In the apparatus schematically represented in FIG. 3, already mentioned reference numerals also indicate components with the already explained functions. In FIG. 3, though, in lieu of the controlled valve 11, an eccentric worm pump 30 is employed, which pumps out from the pressure zone of passes 1, 2. Pump 30 can be smoothly adjusted just like the feed pump 8 in the feed stream. With this apparatus, the thickening process is carried out analogous to the one described in FIG. 1. However, omitting the controlled valve 11 here allows it to also extract juice from mashes, which clog valves 11, but do not interfere with the function of pump 30. A stop valve 31 is required for the thickening and rinsing.
Like the apparatuses according to FIGS. 1 and 2, the one according to FIG. 3 also operates in the batch mode. In comparison with the apparatus with metal membrane ultrafiltration, which was mentioned at the beginning and which is known from the JOURNAL OF FOOD AND SCIENCE, 1986, has the advantage that only a low number of modules is required in the passes 1, 2, and that their transmembrane pressures can be kept low. Compared to the apparatuses according to FIGS. 1 and 2, the one according to FIG. 3 offers the advantage that coarse pieces of solid matter that might be present in the retentate will not pass through any regulating valve, which they could clog. Here, even products in the fruit juice or foodstuffs region, which are difficult to press, or which cannot be pressed at all, can have juice extracted from them and be thickened.
FIG. 4 also shows an apparatus in which a controlled valve 11 is omitted, which controls the flow of retentate at the module outputs of passes 1, 2. The predetermined operating pressure P1 of the only pass 1' is detected by the sensor 12 and achieved by means of increasing or reducing the flow capacity of the feed pump 8 via the control line 15. The rinsing process is initiated when the retentate flow drops below a minimal capacity F1, which is predetermined as a desired value. The flow F1 is detected by a sensor 41 on the capacity of feed pump 8. The initiation of the retentate expulsion process is carried out analogous to the way already described in FIG. 1, by means of valves 21 and 41. Low manufacture costs and less expense for regulation are advantages of the apparatus described in FIG. 4.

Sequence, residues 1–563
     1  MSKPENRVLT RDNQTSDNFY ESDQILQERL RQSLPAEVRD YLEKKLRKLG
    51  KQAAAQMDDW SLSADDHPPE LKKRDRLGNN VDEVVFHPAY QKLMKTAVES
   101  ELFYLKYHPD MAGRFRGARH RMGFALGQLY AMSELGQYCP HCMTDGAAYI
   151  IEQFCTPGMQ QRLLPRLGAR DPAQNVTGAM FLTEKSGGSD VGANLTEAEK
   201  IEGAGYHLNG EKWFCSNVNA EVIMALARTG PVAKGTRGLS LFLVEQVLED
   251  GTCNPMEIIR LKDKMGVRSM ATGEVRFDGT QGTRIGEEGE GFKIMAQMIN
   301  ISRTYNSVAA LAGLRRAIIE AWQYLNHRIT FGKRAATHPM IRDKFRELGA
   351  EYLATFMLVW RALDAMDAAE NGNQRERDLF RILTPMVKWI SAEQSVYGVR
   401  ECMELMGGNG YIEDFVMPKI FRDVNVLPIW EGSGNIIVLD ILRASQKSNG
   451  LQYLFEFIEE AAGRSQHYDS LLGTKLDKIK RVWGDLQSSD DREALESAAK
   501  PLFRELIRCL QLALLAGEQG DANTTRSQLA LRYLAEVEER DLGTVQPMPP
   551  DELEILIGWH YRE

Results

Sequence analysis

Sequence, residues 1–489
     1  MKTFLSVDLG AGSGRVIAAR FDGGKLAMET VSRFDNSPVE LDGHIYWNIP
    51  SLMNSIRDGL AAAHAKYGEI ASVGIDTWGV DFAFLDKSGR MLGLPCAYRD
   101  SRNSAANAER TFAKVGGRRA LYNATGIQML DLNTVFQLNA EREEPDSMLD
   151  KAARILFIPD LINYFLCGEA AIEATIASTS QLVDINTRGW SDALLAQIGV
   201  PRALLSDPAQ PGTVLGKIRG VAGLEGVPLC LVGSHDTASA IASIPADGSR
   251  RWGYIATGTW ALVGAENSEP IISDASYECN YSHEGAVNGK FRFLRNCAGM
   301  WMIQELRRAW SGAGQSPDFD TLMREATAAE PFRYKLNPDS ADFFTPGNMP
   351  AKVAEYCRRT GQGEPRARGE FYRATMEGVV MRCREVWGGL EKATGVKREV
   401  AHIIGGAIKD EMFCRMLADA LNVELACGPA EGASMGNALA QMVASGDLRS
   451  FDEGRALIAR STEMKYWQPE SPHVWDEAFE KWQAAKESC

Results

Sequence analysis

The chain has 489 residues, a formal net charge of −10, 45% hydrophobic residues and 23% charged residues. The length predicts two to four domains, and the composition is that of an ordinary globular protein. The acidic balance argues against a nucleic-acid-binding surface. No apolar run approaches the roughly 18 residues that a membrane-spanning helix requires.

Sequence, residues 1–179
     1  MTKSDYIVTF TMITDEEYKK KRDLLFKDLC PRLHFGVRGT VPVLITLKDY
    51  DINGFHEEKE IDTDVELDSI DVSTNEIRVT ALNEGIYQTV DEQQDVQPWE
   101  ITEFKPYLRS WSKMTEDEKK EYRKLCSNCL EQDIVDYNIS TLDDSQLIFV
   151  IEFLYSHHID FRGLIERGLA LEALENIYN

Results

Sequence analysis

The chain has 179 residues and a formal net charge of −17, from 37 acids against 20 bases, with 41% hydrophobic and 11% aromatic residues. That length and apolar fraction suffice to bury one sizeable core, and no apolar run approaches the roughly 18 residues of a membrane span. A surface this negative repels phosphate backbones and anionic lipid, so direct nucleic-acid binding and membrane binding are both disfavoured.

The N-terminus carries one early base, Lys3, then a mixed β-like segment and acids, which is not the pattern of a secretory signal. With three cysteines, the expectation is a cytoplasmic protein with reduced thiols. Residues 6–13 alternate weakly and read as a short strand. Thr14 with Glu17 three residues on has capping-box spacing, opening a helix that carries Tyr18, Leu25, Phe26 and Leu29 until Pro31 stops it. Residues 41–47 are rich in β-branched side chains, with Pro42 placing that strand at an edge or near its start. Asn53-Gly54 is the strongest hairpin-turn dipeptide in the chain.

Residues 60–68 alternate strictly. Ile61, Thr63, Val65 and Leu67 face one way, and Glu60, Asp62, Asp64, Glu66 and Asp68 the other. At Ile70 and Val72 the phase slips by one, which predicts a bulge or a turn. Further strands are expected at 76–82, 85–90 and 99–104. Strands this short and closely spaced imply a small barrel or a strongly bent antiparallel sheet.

FIG. 5 shows a variant of the already described apparatuses, in which a form which is closed to the outside air is achieved by omitting an initial vessel 5. The control of the functional courses is carried out centrally here via a processor 52, to which the working pressures P1, P2 of the retentate at the inlet and outlet of pass 1", which pressures are detected by sensors 12', 12", and the through flows of retentate from a sensor 41' and permeate from a sensor 53 are supplied. The processor 52, for its part, generates control signals for the control of the motor 16 of the feed pump 8 via the line 15, of the controlled valve 11, and of a retentate outlet valve 21'.
With the apparatus according to FIG. 5, it is possible to operate continually or quasi-continually, with retentate displacement at intervals. As shown in the time diagram in FIG. 5a, this retentate displacement is carried out with repeating peaks of the retentate outflow F4 at the line 22 whenever the product inflow F1 from pump 8 drops sharply. An advantage of this variant lies in the slightly oxidative burden of the retentate resulting from the ambient air. This property is also supported by carrying out the process with inert gas or by preventing losses of volatile rinsing agents such as alcohol, etc.
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|U.S. Classification||210/650, 210/195.2, 210/87, 210/641, 210/651, 210/86|
|International Classification||B01D61/20, B01D61/14, A23L2/08, B01D61/22|
|Cooperative Classification||B01D61/22, B01D61/145, B01D61/147, A23L2/087, B01D61/20|
|European Classification||B01D61/14D, B01D61/14F, B01D61/20, B01D61/22, A23L2/08E4|
|Jul 26, 1995||AS||Assignment|
Owner name: BUCHER-GUYER AG MASCHHINENFABRIK, SWEDEN
Free format text: ASSIGNMENT OF ASSIGNORS INTEREST;ASSIGNOR:HARTMANN, EDUARD;REEL/FRAME:007647/0633
Effective date: 19950616
|May 23, 2001||FPAY||Fee payment|
Year of fee payment: 4
|May 26, 2005||FPAY||Fee payment|
Year of fee payment: 8
|May 29, 2009||FPAY||Fee payment|
Year of fee payment: 12